The next graduate to be honored was Charla McCune. "She was our ray of sunshine for the year." Jenkins went on to speak of Lance Richards. "He was our quiet strength."
"Jared Johnson had the smile with a glint of mischief. You never quite knew what was going to happen with him," Jenkins said. "Tessina Trejo is our great example of perseverance."
"Rebekah Thornton is definitely the character of the group," said Jenkins.
"Rachel Dunham is gracious, caring, talented, beautiful and intelligent," Jenkins stated. "And Jerome Burns, talk about dedication. When it came to playing the king in The King and I, off came the hair, with no question."
Jenkins then welcomed the graduates to Miss J's reality show. She handed each student a kit that included the items needed to make it in the real world. The kit contained a treasure (candy) for the treasure they would need. Also, Smarties for what they would learn, nuts for the nutty people they would meet, and a worm (also candy) to show that you cannot worm your way out of tight situations in the real world.
The kit also contained three lifelines, the first being family. Without family support, life could be tough, so count on your family. A whistle was next. This represented the phone a friend or family member for support. The third and most important lifeline in the kits was "You." Jenkins told the students to have faith in yourself and you can do anything. "It' not easy to win, but perseverance will see you through. In drama terms, go out there and break a leg," Jenkins added.
Shellie Anderson spoke to the graduates. She said "I feel very privileged to be asked to speak tonight. All these individuals you see behind me are individual thinkers and they think outside the box. Whatever the project and no matter how many ideas were on the table, they always pulled together and took the best idea to succeed."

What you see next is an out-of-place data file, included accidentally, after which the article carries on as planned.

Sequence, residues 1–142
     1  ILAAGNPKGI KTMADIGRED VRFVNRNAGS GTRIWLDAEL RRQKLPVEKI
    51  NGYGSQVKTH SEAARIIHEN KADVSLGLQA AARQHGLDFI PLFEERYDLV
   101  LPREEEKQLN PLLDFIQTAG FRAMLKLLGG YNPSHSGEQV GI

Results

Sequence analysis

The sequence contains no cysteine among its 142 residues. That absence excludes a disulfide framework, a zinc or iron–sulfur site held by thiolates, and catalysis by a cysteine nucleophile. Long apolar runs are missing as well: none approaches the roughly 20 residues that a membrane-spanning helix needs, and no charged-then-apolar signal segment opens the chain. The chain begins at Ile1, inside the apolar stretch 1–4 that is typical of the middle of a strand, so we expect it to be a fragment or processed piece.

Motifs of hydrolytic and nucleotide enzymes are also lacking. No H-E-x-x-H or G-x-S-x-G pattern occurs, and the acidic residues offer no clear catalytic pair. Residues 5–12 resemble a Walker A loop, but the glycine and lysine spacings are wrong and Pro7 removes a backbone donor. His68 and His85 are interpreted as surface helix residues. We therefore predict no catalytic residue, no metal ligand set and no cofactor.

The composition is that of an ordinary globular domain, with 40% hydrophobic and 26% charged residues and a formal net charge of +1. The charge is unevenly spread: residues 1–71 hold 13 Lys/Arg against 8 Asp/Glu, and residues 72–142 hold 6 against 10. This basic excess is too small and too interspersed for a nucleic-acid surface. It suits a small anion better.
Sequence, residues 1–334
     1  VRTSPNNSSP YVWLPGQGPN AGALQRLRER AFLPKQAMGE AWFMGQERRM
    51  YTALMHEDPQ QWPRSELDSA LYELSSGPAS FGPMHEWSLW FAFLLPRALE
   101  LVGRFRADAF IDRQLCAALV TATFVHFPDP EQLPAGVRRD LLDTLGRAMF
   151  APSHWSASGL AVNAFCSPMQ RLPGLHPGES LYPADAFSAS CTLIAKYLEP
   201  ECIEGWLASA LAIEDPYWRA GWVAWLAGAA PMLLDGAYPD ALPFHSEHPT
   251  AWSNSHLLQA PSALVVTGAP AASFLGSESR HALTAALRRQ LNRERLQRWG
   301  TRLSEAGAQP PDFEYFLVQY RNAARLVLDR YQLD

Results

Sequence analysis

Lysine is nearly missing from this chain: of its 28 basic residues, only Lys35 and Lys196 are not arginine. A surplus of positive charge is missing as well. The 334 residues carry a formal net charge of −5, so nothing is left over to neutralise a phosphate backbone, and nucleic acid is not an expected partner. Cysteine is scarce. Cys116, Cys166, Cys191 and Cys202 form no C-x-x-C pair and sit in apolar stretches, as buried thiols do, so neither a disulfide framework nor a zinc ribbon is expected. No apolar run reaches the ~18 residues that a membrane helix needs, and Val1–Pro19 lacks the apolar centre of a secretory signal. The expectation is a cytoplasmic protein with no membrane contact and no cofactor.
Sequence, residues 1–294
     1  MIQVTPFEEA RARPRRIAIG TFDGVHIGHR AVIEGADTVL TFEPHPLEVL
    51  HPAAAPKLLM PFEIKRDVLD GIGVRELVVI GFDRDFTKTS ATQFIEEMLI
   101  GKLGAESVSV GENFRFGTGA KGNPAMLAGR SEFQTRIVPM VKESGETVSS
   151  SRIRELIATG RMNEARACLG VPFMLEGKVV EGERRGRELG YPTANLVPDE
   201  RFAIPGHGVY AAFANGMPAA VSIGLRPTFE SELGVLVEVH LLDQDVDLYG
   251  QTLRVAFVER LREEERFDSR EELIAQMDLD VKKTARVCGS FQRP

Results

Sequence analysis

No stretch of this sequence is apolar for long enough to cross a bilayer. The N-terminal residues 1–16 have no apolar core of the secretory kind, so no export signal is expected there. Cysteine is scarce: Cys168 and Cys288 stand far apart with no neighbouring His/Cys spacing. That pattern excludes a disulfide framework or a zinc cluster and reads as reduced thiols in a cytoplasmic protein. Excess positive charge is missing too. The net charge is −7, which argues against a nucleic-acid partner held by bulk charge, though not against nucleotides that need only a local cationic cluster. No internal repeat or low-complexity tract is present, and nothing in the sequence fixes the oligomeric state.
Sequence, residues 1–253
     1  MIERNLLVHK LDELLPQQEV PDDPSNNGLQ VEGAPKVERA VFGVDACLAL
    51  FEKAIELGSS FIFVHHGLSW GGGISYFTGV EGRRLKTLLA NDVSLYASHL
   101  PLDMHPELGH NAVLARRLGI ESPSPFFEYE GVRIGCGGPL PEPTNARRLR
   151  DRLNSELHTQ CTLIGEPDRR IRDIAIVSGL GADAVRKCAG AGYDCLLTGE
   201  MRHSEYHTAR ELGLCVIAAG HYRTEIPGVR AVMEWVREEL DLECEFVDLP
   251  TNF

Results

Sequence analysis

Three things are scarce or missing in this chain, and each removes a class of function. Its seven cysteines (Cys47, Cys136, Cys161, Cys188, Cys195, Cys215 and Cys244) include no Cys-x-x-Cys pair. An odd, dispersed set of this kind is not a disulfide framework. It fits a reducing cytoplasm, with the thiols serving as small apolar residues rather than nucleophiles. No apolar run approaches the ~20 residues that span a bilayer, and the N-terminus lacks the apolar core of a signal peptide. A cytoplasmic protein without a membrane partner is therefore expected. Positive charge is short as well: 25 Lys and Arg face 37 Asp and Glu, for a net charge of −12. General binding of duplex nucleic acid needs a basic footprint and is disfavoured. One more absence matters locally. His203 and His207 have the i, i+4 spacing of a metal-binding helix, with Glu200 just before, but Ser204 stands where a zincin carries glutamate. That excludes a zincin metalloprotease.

"Be the best at whatever you are. I will miss you and I wish you the very best," Anderson said.
Salutatorian Jerome Burns, began by explaining that he had always thought those people who said "Where has all the time gone?" were misguided. Then he added, "Where Has all the time gone?"
Burns went on to say, "The past four years here at Green River High have been the most influential in my life. It is very challenging to say good-bye and leave this place and the people in it. We must go or be left behind,"
Rachel Dunham, Class Valedictorian, said, "The 11 of us have been traveling the same road for the past 12 years, and now we are parting and going as many different directions. Change does not have to be feared, we should fear not changing."
"When I lived in Nepal, an earthquake happened. Only one house in town was damaged. The American who built that house thought he knew better how to build a house than the people who had been there all their lives. The house he built did not have integrity. We need to be people of integrity and honesty," Dunham said. "Success can simply be changing the life of another or reaching some small goal. How we react to failure will determine our character. Search for the truth and live according to it."
Principal Johnson and school board member Royd Hatt concluded the program by introducing each graduate and handing out their diplomas. The graduates marched out of the auditorium and formed a receiving line in front of the school for all in attendance to congratulate them.